July 20th 2009
In my last article I wrote about the importance of maintaining your resume at times when you don’t expect to need it and this article is related and about maintaining your business connections. Its related at least from the perspective that you don’t know when you will ever need to count on your business connections and that if you hope to get help from them at the time you need but have never made the effort to maintain them, then you won’t get very far. Connections in business are just as valuable as your resume and skills and we’ve all heard the saying, “It’s not what you know, it’s who you know!” Business connections are often a way to find new opportunities, new jobs and to get the support and help you need at times when it is desperately needed. You cannot get that if you don’t maintain your business connections first, so here are some tips how to do that in your career.
Build your Connections
Building your connections means that you make extra effort to meet people, get to know them and to build a relationship with them beyond just the connection itself. Unfortunately this is often a lot harder than it seems. The world of blogging and social media (for those of you that are familiar) seem like this is easy to do with friends, followers and every other type of connection and RSS feeds that are out there. This is where it SEEMS easy. These types of connections are very shallow and not really all that helpful for either party involved. What is needed is more effort to build the connection into a real relationship. This can definitely be done in these social media systems but it takes more effort than secretly following someone to have a valuable connection with them.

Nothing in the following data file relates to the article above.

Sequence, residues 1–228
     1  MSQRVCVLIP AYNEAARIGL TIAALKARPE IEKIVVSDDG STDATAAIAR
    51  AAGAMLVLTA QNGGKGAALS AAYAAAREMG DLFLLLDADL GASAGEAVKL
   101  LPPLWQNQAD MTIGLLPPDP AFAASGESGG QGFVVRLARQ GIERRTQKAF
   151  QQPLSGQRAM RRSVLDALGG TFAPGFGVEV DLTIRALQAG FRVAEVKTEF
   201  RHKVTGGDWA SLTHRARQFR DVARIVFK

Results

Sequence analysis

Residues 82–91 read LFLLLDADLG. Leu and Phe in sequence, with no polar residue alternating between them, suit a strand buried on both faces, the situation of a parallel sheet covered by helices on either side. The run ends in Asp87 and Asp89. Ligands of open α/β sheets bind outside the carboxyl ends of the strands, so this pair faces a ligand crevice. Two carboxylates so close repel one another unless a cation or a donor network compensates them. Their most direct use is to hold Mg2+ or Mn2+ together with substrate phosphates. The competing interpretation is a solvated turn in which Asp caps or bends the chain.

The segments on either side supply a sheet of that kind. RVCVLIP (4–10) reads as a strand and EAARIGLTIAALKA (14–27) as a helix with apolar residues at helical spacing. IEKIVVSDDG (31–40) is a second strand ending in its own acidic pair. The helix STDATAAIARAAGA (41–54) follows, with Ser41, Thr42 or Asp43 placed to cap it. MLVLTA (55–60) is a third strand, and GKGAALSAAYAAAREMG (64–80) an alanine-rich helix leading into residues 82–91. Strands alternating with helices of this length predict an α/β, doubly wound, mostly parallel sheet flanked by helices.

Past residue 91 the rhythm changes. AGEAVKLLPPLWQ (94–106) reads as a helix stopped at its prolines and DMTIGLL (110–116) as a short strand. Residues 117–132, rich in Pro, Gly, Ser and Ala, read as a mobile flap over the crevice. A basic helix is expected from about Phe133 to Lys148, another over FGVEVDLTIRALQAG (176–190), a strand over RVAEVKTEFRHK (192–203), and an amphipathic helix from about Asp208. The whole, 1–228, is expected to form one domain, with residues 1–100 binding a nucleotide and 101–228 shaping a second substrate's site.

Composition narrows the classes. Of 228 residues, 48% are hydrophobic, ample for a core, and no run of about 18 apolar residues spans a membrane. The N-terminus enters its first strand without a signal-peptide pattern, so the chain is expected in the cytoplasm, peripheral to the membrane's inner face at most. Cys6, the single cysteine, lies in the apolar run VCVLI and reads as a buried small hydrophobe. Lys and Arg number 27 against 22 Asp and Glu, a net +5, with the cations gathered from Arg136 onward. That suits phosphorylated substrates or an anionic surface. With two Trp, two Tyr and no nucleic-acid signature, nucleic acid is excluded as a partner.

Build connections by communicating both ways, learning about each other and by offering your. Provide value to them and ensure that value is at a personal level. In the face to face business world this requires real relationships to develop and some interest on both parties to stay involved.
Another important thing with building connections is to no limit the connections you do build and develop. In the world of work a network of connections can easily lead or branch out in ways you would never of expected. A friend of your caretaker, the uncle of a hairstylist, an old school roommate’s new girlfriend, any of these people could add a value connection to your network which is exactly why you should never limit who you develop connections with. In fact, it is important that you purposefully diversify your business connections and make an effort to branch outside your direct work circles because of these amazing opportunities that do come about via people you would least expect it to.
Give First Without Expectations
The easiest way for you to ensure others want to stay in touch and connected with you is to offer to help them or provide value to them if they should ever need it. If you give first to the relationship more often than not you will end up having the same in return. You can’t expect anything in return though because if you want to true give value to others, you ought to do it so they get more out of the relationship than you do. At least they need to feel that way and be offered a chance for that. If you do this and give first to a relationship it is quite likely you can build a strong connection with that person and that connection will last.